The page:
Arkisto: March 2013



Opinion, the Tool of a Professional

20. Marchta, 2013 | Kirjoittaja: Antti Niittyviita

You either like Picasso’s art or you don’t. It is a personal opinion. You can bring up your opinion very quickly, since it does not require long background research or compiling a list of sources. This is why an opinion can be an effective tool. Yet, it only becomes useful in the hands of a professional.

The professionals of Art evaluate Picasso in a different way from other people. They see that Picasso has left a permanent mark in paintings as a form of art. Picasso succeeded in changing the game. This view is supported by the professional’s huge expanse of knowledge and experience. This is why the professional is trustworthy when it comes to their opinion.

The professionals of software development and testing have a similar backrest. They have massive amounts of knowledge and experience. The professionals of art and software are divided by one significant factor, however. That factor is courage.

Fortunately, courage can be learned.

Your opinion does not matter if no one can hear it. That is why you should start learning today already. Get yourself the courage to voice out your opinions.

All Boats Leak

20. Marchta, 2013 | Kirjoittaja: Antti Niittyviita

There will always be defects. There will be failures in business. Processes will feel like molasses. Every business, plan and organization will have leaks. In the same way, every software will have bugs. There simply is not something called ‘perfect’.

People often think that the most important goal of testing is to improve the quality of the software and the development. This is why people ask the testers:

Have the bugs been caught? Has the quality been good? Are you sure that our boat is not leaking?

For the business, they are often the wrong questions. The most important is forgotten in the shadow of non exact talk about quality.

Everyone in the same business are in the same boat and fight for the same goals. Maybe that is why testers should look for answers to the question:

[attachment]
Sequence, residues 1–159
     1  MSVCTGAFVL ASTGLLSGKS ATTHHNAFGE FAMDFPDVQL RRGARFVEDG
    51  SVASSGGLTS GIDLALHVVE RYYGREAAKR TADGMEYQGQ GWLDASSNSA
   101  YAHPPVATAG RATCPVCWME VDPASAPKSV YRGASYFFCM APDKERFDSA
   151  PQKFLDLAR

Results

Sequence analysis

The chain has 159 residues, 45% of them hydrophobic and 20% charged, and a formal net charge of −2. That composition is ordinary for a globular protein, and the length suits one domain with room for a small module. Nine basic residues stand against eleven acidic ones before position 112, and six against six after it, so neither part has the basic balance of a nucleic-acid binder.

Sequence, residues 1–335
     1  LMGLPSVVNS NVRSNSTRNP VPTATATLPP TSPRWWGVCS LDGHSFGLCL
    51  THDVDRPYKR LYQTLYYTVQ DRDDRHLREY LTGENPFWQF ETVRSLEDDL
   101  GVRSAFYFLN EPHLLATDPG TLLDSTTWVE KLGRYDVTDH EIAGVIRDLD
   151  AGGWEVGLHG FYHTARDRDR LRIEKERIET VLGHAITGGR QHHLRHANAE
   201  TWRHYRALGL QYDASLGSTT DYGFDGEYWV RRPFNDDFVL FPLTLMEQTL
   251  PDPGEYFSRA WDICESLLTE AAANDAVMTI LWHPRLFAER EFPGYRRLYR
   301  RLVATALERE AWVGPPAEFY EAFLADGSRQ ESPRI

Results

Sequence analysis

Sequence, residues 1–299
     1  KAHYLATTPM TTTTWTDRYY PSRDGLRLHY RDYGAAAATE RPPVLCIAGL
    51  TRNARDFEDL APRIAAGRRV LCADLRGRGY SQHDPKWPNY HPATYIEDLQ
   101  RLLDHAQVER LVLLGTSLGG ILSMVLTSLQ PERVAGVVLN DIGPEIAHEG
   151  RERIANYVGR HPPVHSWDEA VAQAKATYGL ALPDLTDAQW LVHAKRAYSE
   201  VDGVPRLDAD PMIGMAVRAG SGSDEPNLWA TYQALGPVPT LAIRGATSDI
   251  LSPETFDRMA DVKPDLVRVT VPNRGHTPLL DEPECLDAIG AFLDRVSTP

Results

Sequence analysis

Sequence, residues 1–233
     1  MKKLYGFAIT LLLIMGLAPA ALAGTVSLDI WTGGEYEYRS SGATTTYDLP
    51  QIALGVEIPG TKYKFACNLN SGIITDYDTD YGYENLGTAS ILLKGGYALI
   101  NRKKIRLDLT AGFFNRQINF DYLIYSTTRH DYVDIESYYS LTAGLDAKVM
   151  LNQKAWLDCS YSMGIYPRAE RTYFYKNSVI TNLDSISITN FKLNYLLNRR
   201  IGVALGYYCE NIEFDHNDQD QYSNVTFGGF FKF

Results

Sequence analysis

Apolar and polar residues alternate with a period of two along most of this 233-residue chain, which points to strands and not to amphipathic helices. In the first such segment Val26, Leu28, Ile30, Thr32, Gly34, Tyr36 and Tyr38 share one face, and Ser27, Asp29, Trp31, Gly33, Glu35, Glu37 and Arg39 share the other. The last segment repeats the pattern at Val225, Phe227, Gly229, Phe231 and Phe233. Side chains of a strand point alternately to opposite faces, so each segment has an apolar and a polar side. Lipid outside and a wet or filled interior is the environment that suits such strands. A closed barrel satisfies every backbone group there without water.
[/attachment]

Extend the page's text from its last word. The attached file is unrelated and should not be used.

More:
Can we reach our destination with this boat?

You get what you measure for!

5. Marchta, 2013 | Kirjoittaja: Antti Niittyviita

An economist is an odd creature who requires numbers in order to compare things. For this reason, the economists have invented a bunch of exquisite measures, which can be used to measure, for example, financial performance.

A rumour tells about a business, whose customer service staff left calls unanswered. This was because the board had decided that the lower the number of open tickets was, the better bonuses the staff will get. And if you don’t take new support calls, then you surely don’t leave them open!

That did not go quite as planned, now did it?

In software projects people often measure, for example, test wholeness, maturity, the total number of discovered defects, the number of open tickets, implemented requirements etc. What makes measuring challenging is that no one has yet come up with clear definitions to these measures and that their description changes from one project to the next. Furthermore, a software engineer is just as competent in maximizing how well follow the incentives.

A rumour tells about a business, whose software testers asked the developers to leave defects in the software. This was because the board had decided that the more defects the testers discover, the better their provisional paychecks are. The developers too received bonuses for defects that were fixed.

You need to acknowledge the risks of measuring, in all areas. Including when you measure software testing.

Think closely how to measure the efficiency of your testers. Wrong measures guide their behavior to a wrong direction. If you attach financial incentives to the measures, the risk of wrongful behavior increases.